The juke is one of the mechanical musical instruments. It can be a full orchestra imitate and came out of the produced on a large scale since the mid-18th century music box. The Konzertorchestrion was designed for the game in the salons of high society and the halls of large hotels and played music like Beethoven 's symphonies, opera overtures, but also marches and dance music.
The developed about the same time from the barrel organ streets or fair organ imitated a marching band or a dance band and was to be found at fairs, at folk festivals and dance halls. Georg Joseph Vogler made in 1796 by master organ builder Hr. Servant of Tübingen build a portable organ, which was presented as a juke box in Stockholm, later in 1801 in Prague and other European cities. 1805 completed Mälzel Johann Nepomuk ( 1772-1838 ) the Panharmonikon, he built resounding tongues in this unit, for Ludwig van Beethoven in 1813 the second part of " Wellington's Victory or the Battle of Vitoria " (op. 91), composed. Vogler and Mälzel were common in the years 1801-1805 in Vienna and in 1806 and 1807 both came with your new achievements in Paris. Vogler explained and showed all the new features. After the death of Wolfgang von Kempelen in 1804 Johann Nepomuk Mälzel came into the possession of the Chess Turk. With this and his music machine he went on tour. In 1825 he traveled to the USA and thus caused a sensation, he was possibly also in 1811 in the U.S., a Panharmonikon was presented in New York, Boston and other cities in 1811 and 1812. Johann Friedrich Kaufmann in 1812, Dresden has rebuilt the Panharmonikon, businessman himself writes that he was at the same time as Mälzel and Vogler 1806 in Paris, also had this good personal contacts with Vogler. A Mechanical trumpeter from his hand is in the German Museum in Munich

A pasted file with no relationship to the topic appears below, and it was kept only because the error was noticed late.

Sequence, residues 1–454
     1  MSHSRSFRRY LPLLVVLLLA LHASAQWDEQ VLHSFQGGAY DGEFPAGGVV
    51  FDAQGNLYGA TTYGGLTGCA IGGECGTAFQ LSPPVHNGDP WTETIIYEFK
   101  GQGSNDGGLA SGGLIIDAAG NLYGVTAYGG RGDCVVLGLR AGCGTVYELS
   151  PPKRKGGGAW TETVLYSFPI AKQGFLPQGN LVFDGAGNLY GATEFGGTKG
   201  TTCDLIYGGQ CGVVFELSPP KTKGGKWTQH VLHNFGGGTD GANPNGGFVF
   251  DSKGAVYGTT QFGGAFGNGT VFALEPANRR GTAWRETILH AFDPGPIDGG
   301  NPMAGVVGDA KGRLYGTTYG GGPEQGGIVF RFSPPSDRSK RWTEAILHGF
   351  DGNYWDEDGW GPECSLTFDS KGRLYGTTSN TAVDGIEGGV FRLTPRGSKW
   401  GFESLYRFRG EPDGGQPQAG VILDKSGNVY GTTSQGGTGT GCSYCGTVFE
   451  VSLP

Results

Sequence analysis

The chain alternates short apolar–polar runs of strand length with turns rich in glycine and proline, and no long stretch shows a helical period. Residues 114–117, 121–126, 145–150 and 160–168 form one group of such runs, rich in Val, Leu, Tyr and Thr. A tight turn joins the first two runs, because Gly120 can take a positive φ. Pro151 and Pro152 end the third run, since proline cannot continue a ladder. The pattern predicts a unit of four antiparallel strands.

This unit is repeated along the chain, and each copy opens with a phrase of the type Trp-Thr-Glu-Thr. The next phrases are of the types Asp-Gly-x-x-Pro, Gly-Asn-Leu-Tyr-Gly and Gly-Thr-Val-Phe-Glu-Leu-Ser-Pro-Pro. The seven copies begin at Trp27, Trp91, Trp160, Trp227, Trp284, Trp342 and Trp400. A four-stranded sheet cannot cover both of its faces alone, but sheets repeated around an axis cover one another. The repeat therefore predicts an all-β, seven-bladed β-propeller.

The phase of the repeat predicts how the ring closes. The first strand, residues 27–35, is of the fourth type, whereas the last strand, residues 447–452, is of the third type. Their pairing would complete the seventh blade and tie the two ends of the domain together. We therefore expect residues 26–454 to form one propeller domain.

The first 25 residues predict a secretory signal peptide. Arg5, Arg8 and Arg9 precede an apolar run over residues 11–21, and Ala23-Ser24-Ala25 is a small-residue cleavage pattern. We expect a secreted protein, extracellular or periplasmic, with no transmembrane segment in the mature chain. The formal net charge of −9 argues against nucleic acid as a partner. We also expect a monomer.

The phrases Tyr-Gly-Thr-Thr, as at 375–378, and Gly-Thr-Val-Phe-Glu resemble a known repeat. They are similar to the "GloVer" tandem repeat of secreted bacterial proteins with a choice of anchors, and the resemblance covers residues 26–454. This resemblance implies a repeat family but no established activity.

Orchestrions were also built since 1820 by the game watchmaker Carl Blessing in Unterkirnach in the Black Forest. From the Family Blessing went to a consequence, the basic impetus for the Black Forest Orchestrion construction of: the Blessing orchestrions were distributed in the following decades to Russia.
The use of the term juke and the invention of the automatic musical instrument was attributed to a London newspaper in 1851 the Dresden Friedrich Theodor Kaufmann and son of Johann Friedrich Kaufmann ..
From 1845-1848, built the SIEDLE game watchmaker Michael Welte, a student Blessings, a musical work for a buyer in Odessa, which should mimic all the orchestral parts.
Became famous in 1862, issued by Michael Welte at the World Exhibition in London instrument, which the press was given the designation juke and whose image has been used in numerous reference books as an example for the entire class of instruments.
In 1883, Emil Welte patented a process which by punched paper tape to control the Welte - orchestrions - the so-called piano roll - controlled and replaced the pin roll within a few years. Two other patents from 1889 (DRP 48 741 and 58 252 ) improved the process significantly. From then on, Welte turned the entire production on the central role to which patents were registered in Germany for M. Welte & Söhne.
1905 or 1906 presented the Mills Novelty Company in Chicago, USA, the first juke ago with an integrated violin. This instrument, the Automatic Virtuosa, had a built- lying violin, the strings were removed by four rotating celluloid disks in the upper part. From 1909 there was an improved model, the Violano - Virtuoso. This was prepared in various forms until about 1930.
In addition to the Mills Novelty Company succeeded only the Ludwig Hupfeld AG in Leipzig to build a juke box with violin. On the local Fall Fair 1908 they presented the prototype of a violin playing orchestrions the Hupfeld Phonoliszt - Violina. This was a paired with a reproduction of piano type Hupfeld - Phonoliszt Violin Orchestrion. It played a round arch five vertically in the upper part of the instrument completely mounted violins, accompanied by the piano. In series production, then only three violins were installed. The Phonoliszt - Violina was built from 1909 to 1930.
Initially orchestrions were driven with weight drive or crank, occasionally with a steam engine, gas engine or water motor. Later, they were usually equipped with an electric motor. The music was initially occasionally transmitted with a pin roller made of wood, later with piano roll by perforated plates or cardboard strips on the instrument. The introduction of new technologies such as radio and the electric record player around 1926, the sale of fairground broke a world. By now cheaper and easier " electrical " recording of sound through the carbon microphone and playback by amplifier via high-volume speaker to elaborate fairground and the gramophones were no longer competitive. Within a short time their production was discontinued worldwide.